1. What is Sand Tray Therapy
2. Categories of Sand Tray Toys
3. Common Toys for Sand Trays
4. Free Download Sand Tray Item List


Sand tray therapy refers to an intervention used by trained therapists that incorporates the use of sand inside a container (tray) that participants use to unconsciously process their emotions, thoughts, and experiences.

Sand tray therapy can be used by any client in therapy, however, it is commonly used by children, including teens. This can also extend to families where parents and children can interact with each other.

Sand tray therapy encourages children to play and to use play as an important process to help them explore and express their feelings through toys instead of words. Participants can manipulate sand and toys to represent their worldview. This includes what may have happened as well as their expectations or perceptions of the future.

Training is important in the use of sand tray therapy. Some of the most common mistakes made by those who may want to engage in some kind of play therapy is assuming the selection of toys by participants can be assumed to be literal. For example, if a child chooses a soldier toy and starts shooting other toy characters, some may assume the child is acting our aggression and could even be potentially showcasing violent tendencies.

However, in therapy, not all that seems obvious is the reason. A selection of a toy soldier could also be viewed as a protective character by the child. It could also simply be a replication of their parent’s job. Even more simplistic, it could be the only green toy available, (if green is a child’s favourite colour). The reasons are varied and are a good indication of how therapists should be mindful of appropriate training in addition to not transferring your interpretation of what a toy symbolizes.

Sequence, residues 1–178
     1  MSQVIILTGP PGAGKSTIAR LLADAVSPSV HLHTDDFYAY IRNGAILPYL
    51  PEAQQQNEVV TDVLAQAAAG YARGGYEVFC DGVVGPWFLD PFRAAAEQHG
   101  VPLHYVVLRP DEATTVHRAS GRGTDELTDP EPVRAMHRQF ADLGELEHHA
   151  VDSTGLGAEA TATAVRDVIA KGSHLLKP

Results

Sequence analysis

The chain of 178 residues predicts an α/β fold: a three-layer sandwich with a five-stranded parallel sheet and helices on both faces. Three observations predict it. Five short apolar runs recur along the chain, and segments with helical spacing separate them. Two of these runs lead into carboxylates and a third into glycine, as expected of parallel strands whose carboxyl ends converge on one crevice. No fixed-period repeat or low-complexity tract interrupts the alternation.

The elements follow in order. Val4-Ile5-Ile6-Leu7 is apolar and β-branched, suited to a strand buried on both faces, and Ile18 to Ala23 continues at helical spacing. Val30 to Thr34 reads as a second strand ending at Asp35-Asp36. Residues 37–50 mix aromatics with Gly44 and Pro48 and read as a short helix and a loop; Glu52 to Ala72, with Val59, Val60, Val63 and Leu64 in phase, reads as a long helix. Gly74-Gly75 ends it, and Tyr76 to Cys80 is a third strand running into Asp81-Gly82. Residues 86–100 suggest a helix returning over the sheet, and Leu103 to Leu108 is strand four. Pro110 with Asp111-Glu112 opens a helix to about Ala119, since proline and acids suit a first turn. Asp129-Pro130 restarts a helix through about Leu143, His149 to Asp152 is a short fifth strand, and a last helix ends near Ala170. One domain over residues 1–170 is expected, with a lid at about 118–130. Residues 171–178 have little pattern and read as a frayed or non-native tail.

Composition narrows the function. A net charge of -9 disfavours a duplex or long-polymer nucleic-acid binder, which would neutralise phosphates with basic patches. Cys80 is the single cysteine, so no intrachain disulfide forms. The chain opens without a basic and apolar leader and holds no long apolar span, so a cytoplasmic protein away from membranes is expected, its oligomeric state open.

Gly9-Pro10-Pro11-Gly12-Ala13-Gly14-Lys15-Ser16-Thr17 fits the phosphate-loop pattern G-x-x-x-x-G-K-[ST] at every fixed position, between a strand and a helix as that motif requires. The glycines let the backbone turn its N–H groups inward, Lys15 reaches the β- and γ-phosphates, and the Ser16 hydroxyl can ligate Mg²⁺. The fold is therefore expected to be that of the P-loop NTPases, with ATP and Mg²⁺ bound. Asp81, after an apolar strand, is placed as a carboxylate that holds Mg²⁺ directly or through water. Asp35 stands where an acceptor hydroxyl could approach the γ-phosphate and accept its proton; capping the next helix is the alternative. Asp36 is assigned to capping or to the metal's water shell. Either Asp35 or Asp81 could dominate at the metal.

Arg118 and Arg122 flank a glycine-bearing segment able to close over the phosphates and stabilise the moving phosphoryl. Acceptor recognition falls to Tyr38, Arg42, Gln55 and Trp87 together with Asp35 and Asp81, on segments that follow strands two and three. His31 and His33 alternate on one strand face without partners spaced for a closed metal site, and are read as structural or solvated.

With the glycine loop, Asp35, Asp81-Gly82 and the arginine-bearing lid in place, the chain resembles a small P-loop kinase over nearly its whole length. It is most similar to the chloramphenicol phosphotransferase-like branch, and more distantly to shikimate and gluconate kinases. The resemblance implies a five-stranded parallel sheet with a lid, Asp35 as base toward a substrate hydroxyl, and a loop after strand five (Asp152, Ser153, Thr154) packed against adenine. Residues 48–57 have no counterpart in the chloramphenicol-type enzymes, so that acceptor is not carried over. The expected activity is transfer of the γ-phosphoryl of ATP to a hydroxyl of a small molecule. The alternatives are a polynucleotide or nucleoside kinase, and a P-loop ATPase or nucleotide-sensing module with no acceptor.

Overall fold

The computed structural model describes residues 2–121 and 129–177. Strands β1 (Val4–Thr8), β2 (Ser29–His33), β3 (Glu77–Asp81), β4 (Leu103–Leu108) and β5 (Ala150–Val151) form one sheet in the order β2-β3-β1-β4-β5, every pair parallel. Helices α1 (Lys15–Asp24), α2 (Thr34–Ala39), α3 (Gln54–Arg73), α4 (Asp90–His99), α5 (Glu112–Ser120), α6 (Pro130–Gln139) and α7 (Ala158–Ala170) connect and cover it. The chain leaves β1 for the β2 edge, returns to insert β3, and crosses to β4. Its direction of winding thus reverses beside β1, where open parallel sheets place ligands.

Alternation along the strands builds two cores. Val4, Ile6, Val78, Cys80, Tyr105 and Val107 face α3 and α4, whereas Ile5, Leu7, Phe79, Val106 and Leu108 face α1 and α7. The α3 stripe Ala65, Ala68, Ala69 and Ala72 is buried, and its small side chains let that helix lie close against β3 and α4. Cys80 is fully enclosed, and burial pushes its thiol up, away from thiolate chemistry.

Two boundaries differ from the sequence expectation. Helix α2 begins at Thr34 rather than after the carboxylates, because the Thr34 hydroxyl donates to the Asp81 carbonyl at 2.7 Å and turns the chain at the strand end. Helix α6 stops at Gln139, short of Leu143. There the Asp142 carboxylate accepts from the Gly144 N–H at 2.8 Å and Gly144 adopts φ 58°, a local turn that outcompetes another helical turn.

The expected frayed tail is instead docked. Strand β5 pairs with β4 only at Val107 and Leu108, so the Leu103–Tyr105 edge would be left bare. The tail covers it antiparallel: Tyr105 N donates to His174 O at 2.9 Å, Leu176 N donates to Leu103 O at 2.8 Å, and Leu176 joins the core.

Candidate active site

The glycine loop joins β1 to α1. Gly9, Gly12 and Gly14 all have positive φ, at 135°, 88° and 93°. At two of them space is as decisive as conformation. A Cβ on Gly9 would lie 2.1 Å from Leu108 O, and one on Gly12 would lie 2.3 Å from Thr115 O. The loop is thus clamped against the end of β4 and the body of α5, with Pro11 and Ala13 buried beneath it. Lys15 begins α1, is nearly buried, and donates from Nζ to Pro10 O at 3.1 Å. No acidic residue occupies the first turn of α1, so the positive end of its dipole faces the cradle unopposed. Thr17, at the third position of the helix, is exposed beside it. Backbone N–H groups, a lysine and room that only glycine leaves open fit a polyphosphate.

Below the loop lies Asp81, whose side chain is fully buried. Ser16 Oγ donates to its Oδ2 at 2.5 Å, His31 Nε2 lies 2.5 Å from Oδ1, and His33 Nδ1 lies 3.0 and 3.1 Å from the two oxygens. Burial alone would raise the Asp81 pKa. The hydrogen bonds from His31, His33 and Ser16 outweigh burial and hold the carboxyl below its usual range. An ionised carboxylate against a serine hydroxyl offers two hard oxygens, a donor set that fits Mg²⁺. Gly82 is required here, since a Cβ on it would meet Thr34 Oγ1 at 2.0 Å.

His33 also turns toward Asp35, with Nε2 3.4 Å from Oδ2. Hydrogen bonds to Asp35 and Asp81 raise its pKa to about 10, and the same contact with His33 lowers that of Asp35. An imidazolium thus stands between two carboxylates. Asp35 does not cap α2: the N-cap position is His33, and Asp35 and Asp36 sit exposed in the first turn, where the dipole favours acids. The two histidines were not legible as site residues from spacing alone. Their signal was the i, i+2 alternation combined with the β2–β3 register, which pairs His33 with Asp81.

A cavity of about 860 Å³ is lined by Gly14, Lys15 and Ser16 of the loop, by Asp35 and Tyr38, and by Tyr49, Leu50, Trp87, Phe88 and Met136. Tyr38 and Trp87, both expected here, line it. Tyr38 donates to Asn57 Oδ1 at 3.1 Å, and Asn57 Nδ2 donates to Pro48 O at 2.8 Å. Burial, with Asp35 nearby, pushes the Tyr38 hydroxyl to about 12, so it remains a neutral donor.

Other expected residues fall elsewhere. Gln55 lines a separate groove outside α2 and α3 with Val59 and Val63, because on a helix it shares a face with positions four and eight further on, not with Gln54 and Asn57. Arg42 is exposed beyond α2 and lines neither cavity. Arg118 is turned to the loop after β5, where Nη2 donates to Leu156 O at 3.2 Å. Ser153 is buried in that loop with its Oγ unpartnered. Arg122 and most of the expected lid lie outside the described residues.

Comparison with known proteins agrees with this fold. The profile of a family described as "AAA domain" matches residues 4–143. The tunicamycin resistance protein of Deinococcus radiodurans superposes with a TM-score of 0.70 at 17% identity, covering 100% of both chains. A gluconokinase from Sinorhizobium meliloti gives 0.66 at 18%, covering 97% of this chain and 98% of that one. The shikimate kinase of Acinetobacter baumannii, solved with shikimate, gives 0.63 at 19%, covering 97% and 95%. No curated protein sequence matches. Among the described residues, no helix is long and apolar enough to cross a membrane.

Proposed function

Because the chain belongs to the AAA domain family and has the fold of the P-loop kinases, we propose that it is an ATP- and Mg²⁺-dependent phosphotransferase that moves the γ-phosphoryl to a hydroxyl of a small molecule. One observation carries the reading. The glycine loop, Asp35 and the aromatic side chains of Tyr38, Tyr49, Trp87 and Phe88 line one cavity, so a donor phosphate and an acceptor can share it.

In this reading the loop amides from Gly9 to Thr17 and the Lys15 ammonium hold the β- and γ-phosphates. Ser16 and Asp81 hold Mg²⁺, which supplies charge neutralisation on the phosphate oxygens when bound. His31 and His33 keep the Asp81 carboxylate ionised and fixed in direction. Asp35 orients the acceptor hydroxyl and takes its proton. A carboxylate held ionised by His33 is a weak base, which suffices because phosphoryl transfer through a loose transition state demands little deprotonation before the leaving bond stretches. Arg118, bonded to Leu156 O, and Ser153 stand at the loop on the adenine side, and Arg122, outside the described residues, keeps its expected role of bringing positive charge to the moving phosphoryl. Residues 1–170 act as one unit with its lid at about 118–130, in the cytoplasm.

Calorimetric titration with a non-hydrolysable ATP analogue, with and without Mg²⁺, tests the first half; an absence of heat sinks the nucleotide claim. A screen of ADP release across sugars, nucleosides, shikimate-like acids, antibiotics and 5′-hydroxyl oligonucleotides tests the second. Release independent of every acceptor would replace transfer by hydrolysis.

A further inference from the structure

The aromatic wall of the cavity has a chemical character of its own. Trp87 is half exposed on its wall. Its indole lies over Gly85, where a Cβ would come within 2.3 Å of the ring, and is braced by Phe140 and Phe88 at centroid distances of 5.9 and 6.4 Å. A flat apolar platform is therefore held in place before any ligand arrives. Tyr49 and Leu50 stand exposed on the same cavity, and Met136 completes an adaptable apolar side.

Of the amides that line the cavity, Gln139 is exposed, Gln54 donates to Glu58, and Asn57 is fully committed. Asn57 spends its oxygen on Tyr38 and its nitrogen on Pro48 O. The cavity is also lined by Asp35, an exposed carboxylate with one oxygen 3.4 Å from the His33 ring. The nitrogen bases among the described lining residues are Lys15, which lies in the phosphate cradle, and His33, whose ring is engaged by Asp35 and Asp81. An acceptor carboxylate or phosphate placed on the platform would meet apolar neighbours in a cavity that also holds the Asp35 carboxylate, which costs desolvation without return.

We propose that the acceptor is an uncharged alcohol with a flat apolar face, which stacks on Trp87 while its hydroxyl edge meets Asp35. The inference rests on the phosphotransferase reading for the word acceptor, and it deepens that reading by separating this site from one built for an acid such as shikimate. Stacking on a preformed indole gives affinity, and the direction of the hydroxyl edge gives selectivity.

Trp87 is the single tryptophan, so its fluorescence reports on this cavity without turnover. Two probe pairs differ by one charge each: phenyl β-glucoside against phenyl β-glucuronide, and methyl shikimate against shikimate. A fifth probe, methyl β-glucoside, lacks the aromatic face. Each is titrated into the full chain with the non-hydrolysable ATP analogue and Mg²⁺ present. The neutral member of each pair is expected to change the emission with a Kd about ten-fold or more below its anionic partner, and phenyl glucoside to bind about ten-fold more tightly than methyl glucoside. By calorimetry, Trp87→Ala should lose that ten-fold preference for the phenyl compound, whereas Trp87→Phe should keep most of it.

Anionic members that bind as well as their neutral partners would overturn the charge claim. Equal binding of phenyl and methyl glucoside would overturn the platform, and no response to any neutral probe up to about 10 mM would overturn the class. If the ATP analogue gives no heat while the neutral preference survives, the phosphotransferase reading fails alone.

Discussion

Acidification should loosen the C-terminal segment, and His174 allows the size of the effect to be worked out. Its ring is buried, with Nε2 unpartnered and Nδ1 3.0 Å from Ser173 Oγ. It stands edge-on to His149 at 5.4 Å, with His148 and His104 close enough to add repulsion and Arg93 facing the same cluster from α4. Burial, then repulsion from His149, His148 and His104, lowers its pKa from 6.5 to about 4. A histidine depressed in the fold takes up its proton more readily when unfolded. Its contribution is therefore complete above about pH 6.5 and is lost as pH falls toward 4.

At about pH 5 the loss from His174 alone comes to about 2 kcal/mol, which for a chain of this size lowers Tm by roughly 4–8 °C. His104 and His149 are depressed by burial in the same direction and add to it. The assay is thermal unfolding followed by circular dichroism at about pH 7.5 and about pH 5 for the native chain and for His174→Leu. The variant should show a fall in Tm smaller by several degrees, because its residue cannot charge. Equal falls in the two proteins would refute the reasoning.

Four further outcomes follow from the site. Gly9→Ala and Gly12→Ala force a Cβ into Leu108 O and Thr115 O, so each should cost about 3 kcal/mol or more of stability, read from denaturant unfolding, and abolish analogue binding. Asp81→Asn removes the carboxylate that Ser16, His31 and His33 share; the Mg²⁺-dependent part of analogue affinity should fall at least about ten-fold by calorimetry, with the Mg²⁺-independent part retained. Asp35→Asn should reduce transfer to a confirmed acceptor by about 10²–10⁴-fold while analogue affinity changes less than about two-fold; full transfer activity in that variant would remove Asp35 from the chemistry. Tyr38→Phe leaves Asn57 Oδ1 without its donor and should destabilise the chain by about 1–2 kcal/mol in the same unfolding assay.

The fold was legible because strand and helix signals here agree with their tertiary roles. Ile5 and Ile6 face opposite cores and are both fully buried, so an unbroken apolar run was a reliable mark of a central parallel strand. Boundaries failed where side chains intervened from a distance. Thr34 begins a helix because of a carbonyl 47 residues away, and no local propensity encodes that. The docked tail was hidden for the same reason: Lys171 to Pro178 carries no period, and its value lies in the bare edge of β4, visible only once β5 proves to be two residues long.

Sand tray therapy allows for non-verbal interactions between client and therapist, however, it also provides an excellent sensory experience that clients can benefit from where talk therapy may sometimes create distress or impact the client’s energy levels.


Sand tray and sand play are words that some therapists use interchangeably and for the most part, only therapists are concerned with therapy labels as opposed to clients who visit a therapist for help regardless of the mode of therapy used.

Sand tray therapy can involve the therapist becoming involved in the client’s use of sand play. Sand play, however, is primarily used only by the client when they create their world using sand tray materials.

Sand tray therapy may contain more interaction with the therapist who can incorporate multiple modes of therapy as part of their interaction with their client.


Amongst the many available options for sand tray components, we can usually categorize them based on their functionality. Some of the common categories for sand tray toys include (includes affiliate links):

These are the physical categories to consider when selecting components for your sand tray, however, it’s also helpful to consider the purpose of each element. The purpose can also be identified into some common categories including:

  • Nurturing – dolls, baby items, families, houses, food, medical, communication-based
  • Protective – police, parents, teachers, pets, symbolic animals, superheroes, nature
  • Combative – soldiers, superheroes, dinosaurs, dragons
  • Creative – mythical and fantasy creatures
  • Emotional release – sensory toys, bears, soft toys, religious

Although these categories provide a general framework for the use and purpose of each toy, each client will bring their interpretation and meaning to a toy. For example, a police officer toy could be used to represent protection to one client and fear to another client.